Fencing

Fencing specifications

Fencing is another fundamental factor in wildlife management, without it management will not be easy or even impossible. Immediately after erecting a fence around certain area, management should be incorporated. A good fence in the first instance is needed to keep game on the farm, to keep predators out, to maintain a friendly relationship with the neighbours and the environment, and to protect the property. Quality fencing is important as wildlife has escalated in value during the previous decade. The height of fence is determined by the game that it kept. Fencing becomes even more essential if valuable animals are kept on the game ranch. Furthermore, certain types of game can be a threat to public if not confined properly. Every game ranch owner or manager should evaluate his/her situation and consult the local agricultural extension officer or conservation authority with the regard to specific prescriptions or requirements before erecting a fence. When choosing an effective fence to be erected the type of animals to be kept should be considered, the nature of the terrain, the type and availability of material and the available finances. A good wildlife fence should meet the following requirements (Van Rooyen, Du Toit and Van Rooyen 2002): · erected fence should be straight and vertical · all the straining posts should be firmly and vertically anchored · all the posts should extend to the same height above ground level by corresponding to the terrain form · the straining posts and droppers should not be too far apart, the closer they are, the firmer the fence · each wire strand should be firmly attached to the standards or line posts at a specific height above ground level and should be a certain distance apart from each other · the droppers should be neatly and evenly spaced between the standards. The wire strands should be firmly attached to maintain the proper space between the strands and to prevent vertical movement · fences should be constructed using good quality material The height of the fence on a game ranch depends on the types of animals that are kept. Wild animals can be grouped into various categories on the basis of their potential to move over, under or through fences. It should, however, be noted that most wild animals will only resort to crossing fences when they are under some kind of stress or duress. The following fence-crossing groups can be distinguished (Van Rooyen, Du Toit and Van Rooyen 2002): · Animals that usually jump over fences:kudu, impala, eland, waterbuck, mountain reedbuck Redunca fulvorufula and grey rhebok Pelea capreolus · Animals that crawl underneath or through fences: warthog, duiker, steenbok, gemsbok, red hartebeest, springbok Antidorcas marsupialis, sable antelope Hippotragus niger, tsessebe Damaliscus lunatus, jackals Canis mesomelas, caracalFelis caracal, cheetah Acinonyx jubatus, leopard Panthera pardus and lion Panthera leo · Animals that break fences:buffalo, giraffe, waterbuck, white and black rhinoceroses Ceratotherium simum and Diceros bicornis and eland, blue wildebeest and sable antelope bulls · Animals that usually do not jump over fences:blesbok, steenbok, duiker, springbok and oribi Ourebia ourebi A 17 to 21 wire strand fence of 2.25 to 2.4 m is high enough for fencing in those animals that are capable of jumping. A standard 1.5 wire mesh fence with a strand of wire 150 mm above the mesh and another one 150 mm above this should keep most non-jumping animals within the fence (Van Rooyen, Du Toit and Van Rooyen 2002). Closer spacing of 80 to 125 mm of the lower wire strands in contrast to 130 to 170 mm of the top of the wires prevents animals from crawling through the fence.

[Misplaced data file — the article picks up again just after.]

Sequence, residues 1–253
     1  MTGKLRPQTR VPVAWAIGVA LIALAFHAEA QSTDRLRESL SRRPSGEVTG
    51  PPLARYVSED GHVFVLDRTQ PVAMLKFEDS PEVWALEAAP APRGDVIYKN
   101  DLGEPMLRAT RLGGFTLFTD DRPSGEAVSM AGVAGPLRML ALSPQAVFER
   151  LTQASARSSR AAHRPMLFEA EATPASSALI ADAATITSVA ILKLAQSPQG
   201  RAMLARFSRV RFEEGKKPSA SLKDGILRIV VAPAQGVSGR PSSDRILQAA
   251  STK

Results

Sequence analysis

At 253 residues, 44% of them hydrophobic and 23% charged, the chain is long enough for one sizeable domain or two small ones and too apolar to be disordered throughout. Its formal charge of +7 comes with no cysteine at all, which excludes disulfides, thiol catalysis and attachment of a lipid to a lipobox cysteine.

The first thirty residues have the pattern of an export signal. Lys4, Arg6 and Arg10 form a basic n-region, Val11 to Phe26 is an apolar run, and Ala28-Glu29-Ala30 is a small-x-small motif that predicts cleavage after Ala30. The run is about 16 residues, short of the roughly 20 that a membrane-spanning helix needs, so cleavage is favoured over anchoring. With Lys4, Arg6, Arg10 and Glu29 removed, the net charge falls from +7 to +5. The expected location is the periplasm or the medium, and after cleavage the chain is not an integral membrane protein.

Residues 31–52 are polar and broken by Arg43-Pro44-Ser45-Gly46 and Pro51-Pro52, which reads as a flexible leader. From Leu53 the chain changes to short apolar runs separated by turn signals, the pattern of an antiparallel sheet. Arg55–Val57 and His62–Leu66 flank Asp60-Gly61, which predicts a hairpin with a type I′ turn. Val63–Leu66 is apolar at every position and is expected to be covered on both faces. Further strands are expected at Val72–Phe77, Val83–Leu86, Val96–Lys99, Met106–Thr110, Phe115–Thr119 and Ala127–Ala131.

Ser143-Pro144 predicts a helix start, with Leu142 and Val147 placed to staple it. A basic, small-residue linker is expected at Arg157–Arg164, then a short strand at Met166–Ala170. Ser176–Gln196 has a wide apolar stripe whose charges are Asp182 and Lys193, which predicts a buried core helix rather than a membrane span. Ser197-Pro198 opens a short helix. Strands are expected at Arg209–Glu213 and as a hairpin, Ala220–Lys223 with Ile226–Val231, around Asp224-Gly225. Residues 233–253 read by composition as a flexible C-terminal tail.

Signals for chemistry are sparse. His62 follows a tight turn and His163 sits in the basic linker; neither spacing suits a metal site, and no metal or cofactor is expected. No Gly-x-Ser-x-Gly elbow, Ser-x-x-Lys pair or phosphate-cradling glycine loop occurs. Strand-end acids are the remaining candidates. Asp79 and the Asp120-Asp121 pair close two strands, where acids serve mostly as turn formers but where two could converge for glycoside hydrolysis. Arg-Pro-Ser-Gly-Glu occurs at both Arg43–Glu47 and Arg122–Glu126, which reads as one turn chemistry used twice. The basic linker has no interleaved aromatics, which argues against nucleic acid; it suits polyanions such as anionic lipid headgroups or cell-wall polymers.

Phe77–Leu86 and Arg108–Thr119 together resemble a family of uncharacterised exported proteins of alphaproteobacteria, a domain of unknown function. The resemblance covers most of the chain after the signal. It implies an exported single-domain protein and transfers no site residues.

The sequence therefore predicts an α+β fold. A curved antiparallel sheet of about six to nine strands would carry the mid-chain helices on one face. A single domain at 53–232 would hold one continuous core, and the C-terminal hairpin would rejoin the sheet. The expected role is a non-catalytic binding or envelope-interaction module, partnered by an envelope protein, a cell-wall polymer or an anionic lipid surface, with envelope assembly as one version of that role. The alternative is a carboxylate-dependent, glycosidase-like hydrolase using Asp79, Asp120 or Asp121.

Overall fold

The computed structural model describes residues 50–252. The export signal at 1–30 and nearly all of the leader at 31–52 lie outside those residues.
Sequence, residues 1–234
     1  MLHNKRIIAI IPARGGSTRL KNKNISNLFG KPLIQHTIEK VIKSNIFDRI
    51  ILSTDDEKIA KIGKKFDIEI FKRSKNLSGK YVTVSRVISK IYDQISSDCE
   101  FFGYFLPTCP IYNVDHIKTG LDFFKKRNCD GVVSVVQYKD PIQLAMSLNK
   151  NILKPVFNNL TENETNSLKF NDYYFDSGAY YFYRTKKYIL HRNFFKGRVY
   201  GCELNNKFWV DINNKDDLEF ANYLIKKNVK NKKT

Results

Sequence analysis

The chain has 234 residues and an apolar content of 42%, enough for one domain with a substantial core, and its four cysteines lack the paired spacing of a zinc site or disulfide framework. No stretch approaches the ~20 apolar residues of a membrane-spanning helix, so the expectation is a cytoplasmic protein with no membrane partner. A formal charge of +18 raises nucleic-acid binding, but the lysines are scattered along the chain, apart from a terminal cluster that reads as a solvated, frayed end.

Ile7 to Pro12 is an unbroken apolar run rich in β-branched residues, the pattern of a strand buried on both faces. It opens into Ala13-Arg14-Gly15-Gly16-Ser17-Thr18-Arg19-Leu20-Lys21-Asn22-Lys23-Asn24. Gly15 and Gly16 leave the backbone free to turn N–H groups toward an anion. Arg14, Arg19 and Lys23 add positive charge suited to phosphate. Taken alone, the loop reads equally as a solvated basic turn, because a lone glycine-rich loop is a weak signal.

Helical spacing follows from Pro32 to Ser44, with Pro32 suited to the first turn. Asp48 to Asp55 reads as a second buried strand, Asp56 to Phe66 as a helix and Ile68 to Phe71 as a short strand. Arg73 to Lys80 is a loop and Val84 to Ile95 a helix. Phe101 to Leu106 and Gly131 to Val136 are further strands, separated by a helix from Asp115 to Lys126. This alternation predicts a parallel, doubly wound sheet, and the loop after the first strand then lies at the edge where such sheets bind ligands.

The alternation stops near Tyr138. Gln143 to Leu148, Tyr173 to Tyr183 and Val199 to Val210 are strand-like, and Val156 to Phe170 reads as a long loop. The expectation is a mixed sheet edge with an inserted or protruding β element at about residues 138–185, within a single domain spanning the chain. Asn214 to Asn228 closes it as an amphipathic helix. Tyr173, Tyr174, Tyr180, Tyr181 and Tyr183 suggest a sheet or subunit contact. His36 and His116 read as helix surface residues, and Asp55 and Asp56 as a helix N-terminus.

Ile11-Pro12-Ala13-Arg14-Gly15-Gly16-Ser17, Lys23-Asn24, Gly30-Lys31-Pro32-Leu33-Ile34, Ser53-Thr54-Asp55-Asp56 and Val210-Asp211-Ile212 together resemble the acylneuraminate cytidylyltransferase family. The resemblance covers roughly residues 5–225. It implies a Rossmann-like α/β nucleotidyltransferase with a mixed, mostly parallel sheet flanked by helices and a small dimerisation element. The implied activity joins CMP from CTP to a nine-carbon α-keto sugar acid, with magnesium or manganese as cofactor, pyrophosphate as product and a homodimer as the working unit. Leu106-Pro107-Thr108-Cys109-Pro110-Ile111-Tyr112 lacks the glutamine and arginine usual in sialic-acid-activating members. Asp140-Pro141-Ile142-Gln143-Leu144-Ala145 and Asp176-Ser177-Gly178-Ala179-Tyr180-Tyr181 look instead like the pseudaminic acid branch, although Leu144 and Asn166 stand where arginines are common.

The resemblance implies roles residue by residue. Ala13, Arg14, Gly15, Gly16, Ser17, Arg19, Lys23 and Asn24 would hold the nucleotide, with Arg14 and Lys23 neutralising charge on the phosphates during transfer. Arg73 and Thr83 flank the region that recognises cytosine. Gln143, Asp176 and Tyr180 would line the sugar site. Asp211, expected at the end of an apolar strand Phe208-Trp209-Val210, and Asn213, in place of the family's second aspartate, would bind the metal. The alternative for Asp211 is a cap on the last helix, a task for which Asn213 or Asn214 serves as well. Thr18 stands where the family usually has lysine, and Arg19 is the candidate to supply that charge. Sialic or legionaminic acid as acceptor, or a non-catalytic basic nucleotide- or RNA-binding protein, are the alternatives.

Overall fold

Fences over dongas, streams and rivers 

These areas require special care because fences over such features can become insecure and lead to the escape of valuable animals or provide access to predators. The two guidelines for making the fence more secure, the first one is on temporary streams and dongas, and the second one is on perennial streams (Van Rooyen, Du Toit and Van Rooyen 2002). The second guideline will not be discussed as there is no perennial stream/s crossing the ranch: